With millions of children unable to go back to school this year because of conflict in their countries, a senior United Nations official today called on the international community to step up measures to protect them from armed violence.
“Parties to conflict must do more and can do more to minimize killing and maiming of children in the conduct of military operations,” the Special Representative of the Secretary-General for Children and Armed Conflict, Leila Zerrougui, said at the 24th Session of the Human Rights Council, which began yesterday in Geneva.
“International treaties banning cluster munitions and chemical weapons must be respected.”
Ms. Zerrougui reminded the Council that as a new school year begins, millions of children are deprived of their right to education because of conflict. She added that traditional safe havens for children are now too often on the frontline and attacks on schools and hospitals remain of grave concern.
She said that during her recent visit to Syria and neighbouring countries, she had met many families and children – internally displaced or refugees – who expressed the horrors of conflict and their preoccupation for their children’s loss of education. While nearly two million Syrian children had dropped out of school since last year because of conflict, children in other parts of the world were dealing with equally grave and troubling circumstances.
The Special Representative also spoke of progress since her last report to the Council. She noted that the Democratic Republic of the Congo (DRC) signed Action Plans to end the recruitment and use of children, as well as sexual violence against children. The Transitional Government of Somalia signed a similar Action Plan as well as another one to end killing and maiming of children, the first time a Government made such a commitment.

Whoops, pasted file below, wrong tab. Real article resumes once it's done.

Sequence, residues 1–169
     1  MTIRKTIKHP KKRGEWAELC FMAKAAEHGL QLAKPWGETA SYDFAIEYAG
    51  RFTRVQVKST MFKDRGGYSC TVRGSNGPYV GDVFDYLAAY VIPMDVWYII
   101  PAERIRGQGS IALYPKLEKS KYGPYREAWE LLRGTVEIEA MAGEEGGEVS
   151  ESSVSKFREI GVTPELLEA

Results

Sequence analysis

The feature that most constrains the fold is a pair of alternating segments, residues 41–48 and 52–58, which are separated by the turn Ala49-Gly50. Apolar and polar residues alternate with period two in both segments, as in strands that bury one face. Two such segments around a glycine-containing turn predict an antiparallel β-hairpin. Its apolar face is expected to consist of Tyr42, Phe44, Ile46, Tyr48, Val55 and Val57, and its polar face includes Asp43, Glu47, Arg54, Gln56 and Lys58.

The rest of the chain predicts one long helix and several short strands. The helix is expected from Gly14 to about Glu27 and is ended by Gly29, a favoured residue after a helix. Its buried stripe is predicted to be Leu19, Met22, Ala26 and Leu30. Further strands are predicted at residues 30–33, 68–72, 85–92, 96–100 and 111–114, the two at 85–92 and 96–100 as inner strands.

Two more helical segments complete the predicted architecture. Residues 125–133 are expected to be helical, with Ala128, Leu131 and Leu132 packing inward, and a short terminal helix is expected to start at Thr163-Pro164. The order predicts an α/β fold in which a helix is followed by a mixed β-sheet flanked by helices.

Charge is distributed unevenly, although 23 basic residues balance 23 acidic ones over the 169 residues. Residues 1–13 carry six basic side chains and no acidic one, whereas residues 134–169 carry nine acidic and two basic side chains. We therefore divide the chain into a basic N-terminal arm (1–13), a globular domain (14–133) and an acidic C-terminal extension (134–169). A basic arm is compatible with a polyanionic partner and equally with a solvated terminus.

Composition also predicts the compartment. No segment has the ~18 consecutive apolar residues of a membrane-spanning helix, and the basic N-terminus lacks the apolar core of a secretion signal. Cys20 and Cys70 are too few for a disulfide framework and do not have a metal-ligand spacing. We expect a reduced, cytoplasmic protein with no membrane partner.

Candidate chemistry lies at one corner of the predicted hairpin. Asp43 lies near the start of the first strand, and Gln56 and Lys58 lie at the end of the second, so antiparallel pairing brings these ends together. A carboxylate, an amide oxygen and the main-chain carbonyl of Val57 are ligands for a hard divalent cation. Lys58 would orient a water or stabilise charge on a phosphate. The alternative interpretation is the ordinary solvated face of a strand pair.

In addition, the Government of Yemen approved an Action Plan to end the recruitment and use of children by the country’s armed forces just last week.
“Of the eight Government security forces currently listed for recruitment and use of children in the Annex of the Secretary-General’s Annual report on Children and Armed Conflict, seven have now adopted Action Plans and there is an active dialogue with the Government of Sudan,” Ms. Zerrougui said.
In her statement, Ms. Zerrougui urged the Council to include the protection of children and monitoring of child rights violations in armed conflict in all its new and renewed mandates as well as Commissions of Inquiries.
“We must strengthen our collective action to respond to the plight of conflict-affected children,” she said. “If we fail to protect their rights, their schools and ultimately their future, we call into question our common and longstanding commitment to uphold human rights and international humanitarian law. We must do more to translate these commitments into action and to spare children from the scourge of conflict.”